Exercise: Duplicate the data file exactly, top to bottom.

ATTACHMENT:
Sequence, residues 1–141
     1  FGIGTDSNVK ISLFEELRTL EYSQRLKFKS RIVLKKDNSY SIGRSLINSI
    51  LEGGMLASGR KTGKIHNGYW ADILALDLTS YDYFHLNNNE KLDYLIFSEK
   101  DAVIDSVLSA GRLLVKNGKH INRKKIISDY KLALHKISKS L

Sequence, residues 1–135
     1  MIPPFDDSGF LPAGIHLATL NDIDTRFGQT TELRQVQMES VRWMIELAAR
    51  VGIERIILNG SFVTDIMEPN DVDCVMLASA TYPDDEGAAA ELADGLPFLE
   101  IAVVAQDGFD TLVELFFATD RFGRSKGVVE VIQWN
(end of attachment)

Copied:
Sequence, residues 1–141
     1  FGIGTDSNVK ISLFEELRTL EYSQRLKFKS RIVLKKDNSY SIGRSLINSI
    51  LEGGMLASGR KTGKIHNGYW ADILALDLTS YDYFHLNNNE KLDYLIFSEK
   101  DAVIDSVLSA GRLLVKNGKH INRKKIISDY KLALHKISKS L

Sequence, residues 1–135
     1  MIPPFDDSGF LPAGIHLATL NDIDTRFGQT TELRQVQMES VRWMIELAAR
    51  VGIERIILNG SFVTDIMEPN DVDCVMLASA TYPDDEGAAA ELADGLPFLE
   101  IAVVAQDGFD TLVELFFATD RFGRSKGVVE VIQWN